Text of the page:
What’s So Toxic About Positivity Anyway?
Technically, nothing is toxic about positivity, gratitude or mindfulness. There are plenty of studies that show the benefits of those things. So why we do warn folks about “toxic positivity”?
Let me share a couple of links, and other people’s words to try and explain.
First, you can listen to Dr, Susan David and Brene Brown talk about it on the Dare to Lead podcast.
In it, you’ll find Dr. David walk through what has become a typical exercise among self-appointed gratitude gurus. Take a sheet of paper and write down what you’re feeling right now. Then, immediately, turn it over and write down things you are grateful for. As she describes, the issue here is not that you’re grateful for things. That’s good for us. It’s the immediate switch, the message that whatever you are feeling now can just be ignored, and we can just focus instead on something else.
So in the middle of a pandemic, in the face of racial injustice, or after being a victim of sexual abuse, or some other crime, we are supposed to ignore that, flip the page, and be positive. No acknowledgement of the pain, the injustice, anything. Just be grateful, for something.
Is it any wonder that we have generations of people who are unable to sit with, and process, painful emotions?
But, don’t just take my word for it. Consider this description from a couple of professionals:
“Toxic positivity is going straight to those feelings that we naturally want more of, like joy and happiness, and wanting to bypass the emotions that are more difficult to sit with,” says John-Paul Davies, psychotherapist, counsellor and author of personal development book, Finding A Balanced Connection.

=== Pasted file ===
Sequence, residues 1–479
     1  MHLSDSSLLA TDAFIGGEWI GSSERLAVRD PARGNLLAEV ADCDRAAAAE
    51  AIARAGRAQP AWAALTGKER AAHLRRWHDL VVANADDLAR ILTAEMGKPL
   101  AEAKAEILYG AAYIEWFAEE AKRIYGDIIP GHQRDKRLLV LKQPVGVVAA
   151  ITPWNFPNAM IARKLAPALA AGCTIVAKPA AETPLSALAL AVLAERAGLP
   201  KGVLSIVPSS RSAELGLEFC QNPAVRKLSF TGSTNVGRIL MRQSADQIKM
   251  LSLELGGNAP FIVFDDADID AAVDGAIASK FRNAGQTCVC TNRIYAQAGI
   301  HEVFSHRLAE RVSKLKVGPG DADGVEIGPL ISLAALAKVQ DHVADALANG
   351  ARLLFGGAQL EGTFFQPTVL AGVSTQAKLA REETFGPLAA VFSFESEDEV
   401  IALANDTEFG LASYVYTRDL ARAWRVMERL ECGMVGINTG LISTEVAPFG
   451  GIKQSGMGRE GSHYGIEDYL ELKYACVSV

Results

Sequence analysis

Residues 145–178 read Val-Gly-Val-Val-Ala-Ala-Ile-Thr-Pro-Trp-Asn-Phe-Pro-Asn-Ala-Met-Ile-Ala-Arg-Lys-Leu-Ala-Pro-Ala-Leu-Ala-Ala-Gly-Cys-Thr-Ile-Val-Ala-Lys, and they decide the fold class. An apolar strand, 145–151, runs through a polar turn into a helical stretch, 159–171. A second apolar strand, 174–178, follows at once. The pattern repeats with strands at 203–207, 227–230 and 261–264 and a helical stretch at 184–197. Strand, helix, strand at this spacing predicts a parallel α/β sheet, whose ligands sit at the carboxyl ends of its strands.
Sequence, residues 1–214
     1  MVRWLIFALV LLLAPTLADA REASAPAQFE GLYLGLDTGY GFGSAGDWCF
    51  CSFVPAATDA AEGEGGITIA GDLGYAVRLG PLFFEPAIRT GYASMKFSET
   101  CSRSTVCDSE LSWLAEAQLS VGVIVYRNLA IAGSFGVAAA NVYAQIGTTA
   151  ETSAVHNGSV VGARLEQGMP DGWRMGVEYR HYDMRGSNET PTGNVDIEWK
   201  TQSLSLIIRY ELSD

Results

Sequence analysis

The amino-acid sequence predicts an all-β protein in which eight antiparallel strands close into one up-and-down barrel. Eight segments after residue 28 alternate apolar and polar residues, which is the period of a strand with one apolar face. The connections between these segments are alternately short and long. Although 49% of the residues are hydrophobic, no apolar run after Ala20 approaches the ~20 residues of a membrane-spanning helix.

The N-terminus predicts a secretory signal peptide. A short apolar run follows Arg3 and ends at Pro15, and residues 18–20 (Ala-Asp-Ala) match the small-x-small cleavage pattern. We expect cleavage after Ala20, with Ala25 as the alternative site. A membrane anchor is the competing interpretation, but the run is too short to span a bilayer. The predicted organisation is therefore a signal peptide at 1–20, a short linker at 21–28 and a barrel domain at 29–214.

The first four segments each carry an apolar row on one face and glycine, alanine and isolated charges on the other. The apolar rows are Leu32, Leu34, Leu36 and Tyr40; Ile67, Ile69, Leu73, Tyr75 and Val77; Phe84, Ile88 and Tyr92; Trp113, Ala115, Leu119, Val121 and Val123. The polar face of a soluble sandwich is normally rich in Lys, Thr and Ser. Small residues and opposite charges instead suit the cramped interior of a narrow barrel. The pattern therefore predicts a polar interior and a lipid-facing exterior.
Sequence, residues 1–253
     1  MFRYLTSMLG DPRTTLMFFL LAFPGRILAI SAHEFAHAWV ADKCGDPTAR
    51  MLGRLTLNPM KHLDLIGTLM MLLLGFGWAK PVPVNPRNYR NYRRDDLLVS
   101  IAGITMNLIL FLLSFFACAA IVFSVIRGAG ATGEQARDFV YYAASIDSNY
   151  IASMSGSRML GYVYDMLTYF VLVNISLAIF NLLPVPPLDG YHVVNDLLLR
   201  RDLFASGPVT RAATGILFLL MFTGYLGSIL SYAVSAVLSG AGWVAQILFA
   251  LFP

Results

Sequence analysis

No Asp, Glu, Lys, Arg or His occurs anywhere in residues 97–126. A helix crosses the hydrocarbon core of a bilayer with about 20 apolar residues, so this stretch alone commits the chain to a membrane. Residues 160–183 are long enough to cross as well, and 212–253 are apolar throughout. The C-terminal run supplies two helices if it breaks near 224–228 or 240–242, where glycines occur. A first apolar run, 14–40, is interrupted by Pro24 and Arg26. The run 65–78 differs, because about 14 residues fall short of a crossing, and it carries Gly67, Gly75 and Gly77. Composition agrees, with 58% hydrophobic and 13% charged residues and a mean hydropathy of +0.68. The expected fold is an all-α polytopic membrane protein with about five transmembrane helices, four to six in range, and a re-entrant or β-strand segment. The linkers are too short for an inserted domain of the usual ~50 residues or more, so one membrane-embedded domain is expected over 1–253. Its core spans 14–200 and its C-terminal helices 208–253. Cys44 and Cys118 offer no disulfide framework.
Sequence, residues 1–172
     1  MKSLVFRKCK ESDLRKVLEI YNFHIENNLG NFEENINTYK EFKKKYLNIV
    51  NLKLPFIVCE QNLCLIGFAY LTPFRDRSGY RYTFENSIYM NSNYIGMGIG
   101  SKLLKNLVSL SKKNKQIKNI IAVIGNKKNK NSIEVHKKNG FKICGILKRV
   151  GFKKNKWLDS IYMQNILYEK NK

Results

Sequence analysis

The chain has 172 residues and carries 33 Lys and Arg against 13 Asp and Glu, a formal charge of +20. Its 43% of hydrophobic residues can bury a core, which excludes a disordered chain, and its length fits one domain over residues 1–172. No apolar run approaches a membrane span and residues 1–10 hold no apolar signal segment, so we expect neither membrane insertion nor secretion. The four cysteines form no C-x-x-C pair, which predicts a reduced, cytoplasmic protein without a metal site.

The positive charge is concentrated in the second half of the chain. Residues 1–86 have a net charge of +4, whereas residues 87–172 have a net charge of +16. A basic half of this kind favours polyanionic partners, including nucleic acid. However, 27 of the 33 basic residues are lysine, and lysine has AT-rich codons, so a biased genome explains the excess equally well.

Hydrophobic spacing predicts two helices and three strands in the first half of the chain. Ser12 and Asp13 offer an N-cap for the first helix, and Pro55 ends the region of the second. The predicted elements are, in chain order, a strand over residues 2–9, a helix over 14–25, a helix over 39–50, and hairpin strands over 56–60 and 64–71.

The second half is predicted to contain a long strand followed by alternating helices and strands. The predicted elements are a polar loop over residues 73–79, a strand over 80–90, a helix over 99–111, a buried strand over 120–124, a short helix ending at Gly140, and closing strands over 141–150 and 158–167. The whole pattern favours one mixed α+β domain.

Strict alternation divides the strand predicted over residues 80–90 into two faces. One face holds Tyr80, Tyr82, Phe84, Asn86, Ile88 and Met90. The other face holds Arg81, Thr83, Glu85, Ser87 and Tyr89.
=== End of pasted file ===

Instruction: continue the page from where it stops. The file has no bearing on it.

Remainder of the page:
“The reason there’s a toxicity to it is that feelings are responses to things that are happening around us, so they need to be given space,” he explains.
Dr Lynda Shaw, a change specialist, chartered psychologist and cognitive neuroscientist (drlyndashaw.com), adds that “as a society, we really like to use language like ‘positive emotions’ and ‘negative emotions. But the truth is, there’s no such thing as good and bad feelings. All emotional states are valuable to our human experience, and anxiety, anger and fear are primitive ways of keeping us safe and well.”
This is really my biggest problem. Sometimes, sadness, grief, anger, and uncertainty are entirely appropriate, so why are we telling people to ignore those emotions?
Look at it this way, when we watched George Floyd’s death on video, we all felt something, and it probably wasn’t all that pleasant. Or, when we read the overwhelming number of deaths from COVID, we felt something. Maybe we all didn’t feel exactly the same thing, but we all felt something, and maybe most of all we felt a need to do something about it. If we had simply flipped the page and focused on what we are grateful for, we weren’t changing anything, we aren’t doing the things we need to do to keep ourselves safe and well. We are just ignoring it.
Maybe most of all, we aren’t developing any resiliency either. We aren’t learning about emotions, and how to, as John-Paul Davies says above, give them space. We are not giving ourselves space to feel, and the skills to go on even with those emotions.
That doesn’t sound healthy to me. It sounds, in fact, toxic.
For more, also consider –
When Positive Vibes Don’t Work, a Pity Party Can. Here’s How to Vent Productively